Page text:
Given the high population of Dalit voters in Tamil Nadu and the absence of charismatic leaders like MGR and J Jayalalithaa, the VCK stands a good chance of increasing its vote share especially in the northern districts of the State. A major share of Dalit votes have gone to the AIADMK since its inception in 1972 but the party is facing a leadership crisis now
After dropping the word Dalit from his party name, he announced that his party would function as a Tamil nationalist organisation. Despite the nomenclature change and Thirumavalavan’s pro-LTTE leanings, he continues to be viewed as a leader of Dalits by other communities and till this day, this remains his biggest challenge — to emerge as a mainstream leader in State politics.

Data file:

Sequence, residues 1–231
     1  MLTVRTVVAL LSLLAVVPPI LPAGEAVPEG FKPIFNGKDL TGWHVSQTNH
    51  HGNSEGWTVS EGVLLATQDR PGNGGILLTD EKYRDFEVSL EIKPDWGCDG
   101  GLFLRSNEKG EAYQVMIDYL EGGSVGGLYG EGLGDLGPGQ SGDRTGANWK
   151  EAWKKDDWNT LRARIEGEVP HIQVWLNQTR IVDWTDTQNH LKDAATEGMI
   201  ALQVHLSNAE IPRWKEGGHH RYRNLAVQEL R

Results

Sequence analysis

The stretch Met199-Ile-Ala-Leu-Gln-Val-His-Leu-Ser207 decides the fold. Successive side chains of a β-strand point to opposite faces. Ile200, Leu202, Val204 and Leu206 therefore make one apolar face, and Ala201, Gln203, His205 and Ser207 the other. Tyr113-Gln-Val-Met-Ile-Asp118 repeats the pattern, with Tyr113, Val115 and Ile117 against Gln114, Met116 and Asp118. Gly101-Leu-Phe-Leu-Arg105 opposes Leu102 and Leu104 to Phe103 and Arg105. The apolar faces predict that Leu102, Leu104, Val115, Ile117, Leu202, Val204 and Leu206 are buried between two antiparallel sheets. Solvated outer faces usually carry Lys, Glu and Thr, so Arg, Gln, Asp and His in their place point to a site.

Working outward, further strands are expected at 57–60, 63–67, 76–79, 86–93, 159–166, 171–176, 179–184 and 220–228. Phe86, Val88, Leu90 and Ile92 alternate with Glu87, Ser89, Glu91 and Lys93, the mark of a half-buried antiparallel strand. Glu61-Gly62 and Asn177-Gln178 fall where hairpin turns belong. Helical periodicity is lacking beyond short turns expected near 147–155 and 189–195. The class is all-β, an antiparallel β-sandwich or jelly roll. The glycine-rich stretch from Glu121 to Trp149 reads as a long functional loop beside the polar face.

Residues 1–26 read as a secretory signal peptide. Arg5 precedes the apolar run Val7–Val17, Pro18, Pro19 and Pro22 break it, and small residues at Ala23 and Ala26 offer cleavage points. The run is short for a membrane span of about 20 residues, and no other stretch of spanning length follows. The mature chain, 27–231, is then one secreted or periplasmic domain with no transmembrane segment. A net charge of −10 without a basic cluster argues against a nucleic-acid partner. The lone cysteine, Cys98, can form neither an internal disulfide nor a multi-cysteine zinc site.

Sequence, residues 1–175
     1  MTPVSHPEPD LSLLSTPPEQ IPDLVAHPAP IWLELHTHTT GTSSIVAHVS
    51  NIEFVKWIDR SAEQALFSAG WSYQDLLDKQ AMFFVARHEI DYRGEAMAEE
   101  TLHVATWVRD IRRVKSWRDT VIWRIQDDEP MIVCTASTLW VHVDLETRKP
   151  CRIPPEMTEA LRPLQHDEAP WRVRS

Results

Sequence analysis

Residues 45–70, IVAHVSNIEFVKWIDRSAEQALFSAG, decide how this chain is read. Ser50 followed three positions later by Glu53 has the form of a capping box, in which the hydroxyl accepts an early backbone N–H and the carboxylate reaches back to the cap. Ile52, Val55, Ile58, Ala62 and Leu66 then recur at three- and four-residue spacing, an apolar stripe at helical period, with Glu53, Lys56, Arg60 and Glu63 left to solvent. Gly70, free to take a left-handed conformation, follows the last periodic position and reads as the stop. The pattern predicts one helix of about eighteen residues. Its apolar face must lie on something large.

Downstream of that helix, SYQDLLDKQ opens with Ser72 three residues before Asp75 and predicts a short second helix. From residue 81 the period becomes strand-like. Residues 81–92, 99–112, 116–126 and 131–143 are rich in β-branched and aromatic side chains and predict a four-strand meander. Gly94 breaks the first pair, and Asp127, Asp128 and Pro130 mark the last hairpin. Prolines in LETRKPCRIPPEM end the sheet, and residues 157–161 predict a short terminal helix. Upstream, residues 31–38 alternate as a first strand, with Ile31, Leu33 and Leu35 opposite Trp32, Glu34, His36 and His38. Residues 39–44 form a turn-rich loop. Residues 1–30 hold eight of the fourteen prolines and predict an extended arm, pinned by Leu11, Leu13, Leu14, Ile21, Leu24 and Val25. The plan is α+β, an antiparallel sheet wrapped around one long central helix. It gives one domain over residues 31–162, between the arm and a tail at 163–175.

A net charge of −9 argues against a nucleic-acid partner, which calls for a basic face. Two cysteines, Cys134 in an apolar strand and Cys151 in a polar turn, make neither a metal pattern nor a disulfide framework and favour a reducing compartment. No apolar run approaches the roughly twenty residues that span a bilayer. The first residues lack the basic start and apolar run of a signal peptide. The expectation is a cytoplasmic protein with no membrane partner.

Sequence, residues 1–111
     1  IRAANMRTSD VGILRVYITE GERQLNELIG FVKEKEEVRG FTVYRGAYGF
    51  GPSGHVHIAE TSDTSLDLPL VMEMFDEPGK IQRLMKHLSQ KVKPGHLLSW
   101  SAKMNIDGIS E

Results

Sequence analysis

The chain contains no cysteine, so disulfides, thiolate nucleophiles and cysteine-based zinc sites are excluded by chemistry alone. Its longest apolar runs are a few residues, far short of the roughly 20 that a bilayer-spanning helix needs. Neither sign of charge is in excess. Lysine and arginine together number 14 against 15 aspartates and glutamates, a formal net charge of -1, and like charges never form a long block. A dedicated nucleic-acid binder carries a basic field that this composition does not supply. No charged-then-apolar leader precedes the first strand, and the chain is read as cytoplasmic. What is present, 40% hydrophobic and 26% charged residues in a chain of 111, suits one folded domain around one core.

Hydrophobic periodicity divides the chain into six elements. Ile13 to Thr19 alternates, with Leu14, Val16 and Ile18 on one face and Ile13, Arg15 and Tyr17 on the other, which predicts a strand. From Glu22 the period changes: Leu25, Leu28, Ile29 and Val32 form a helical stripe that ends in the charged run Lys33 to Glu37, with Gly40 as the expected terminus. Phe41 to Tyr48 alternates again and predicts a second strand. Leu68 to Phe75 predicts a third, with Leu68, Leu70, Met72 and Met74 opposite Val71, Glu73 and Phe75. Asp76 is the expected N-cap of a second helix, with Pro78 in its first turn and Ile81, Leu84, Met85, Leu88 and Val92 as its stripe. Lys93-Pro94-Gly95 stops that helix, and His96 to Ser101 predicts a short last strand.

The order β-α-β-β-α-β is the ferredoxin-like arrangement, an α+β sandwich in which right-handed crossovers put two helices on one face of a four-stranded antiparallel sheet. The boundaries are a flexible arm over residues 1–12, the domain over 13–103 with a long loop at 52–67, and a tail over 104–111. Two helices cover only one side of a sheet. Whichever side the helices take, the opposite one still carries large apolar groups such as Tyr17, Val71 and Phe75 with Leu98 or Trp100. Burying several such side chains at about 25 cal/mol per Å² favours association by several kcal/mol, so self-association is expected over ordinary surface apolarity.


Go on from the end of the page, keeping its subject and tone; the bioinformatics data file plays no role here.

But, given the high population of Dalit voters in Tamil Nadu and the absence of charismatic leaders like MGR and J Jayalalithaa, the VCK stands a good chance of increasing its vote share especially in the northern districts of the State. A major share of Dalit votes have gone to the AIADMK since its inception in 1972 but the party is facing a leadership crisis now.
The VCK has a strong presence in Cuddalore and Villupuram, Dharmapuri and some constituencies in the delta districts. If Thirumavalavan can create a strong organisation and concentrated vote bank in the northern districts including Chennai’s neighbourhood, besides some delta districts, he may emerge as a stronger leader in alliance politics. His strong anti-BJP pitch may also bring the support of minorities and those section of voters opposed to Hindutva if they see him as a powerful leader who can defeat the BJP in a particular area.
Even with a double digit vote share in the northern and delta districts, the VCK may contest in higher number of seats in a winning alliance, increasing its chances of getting more seats. In such a scenario, Thirumavalavan’s dream of sharing power in the State can become a reality. But, this is only the beginning of a long road.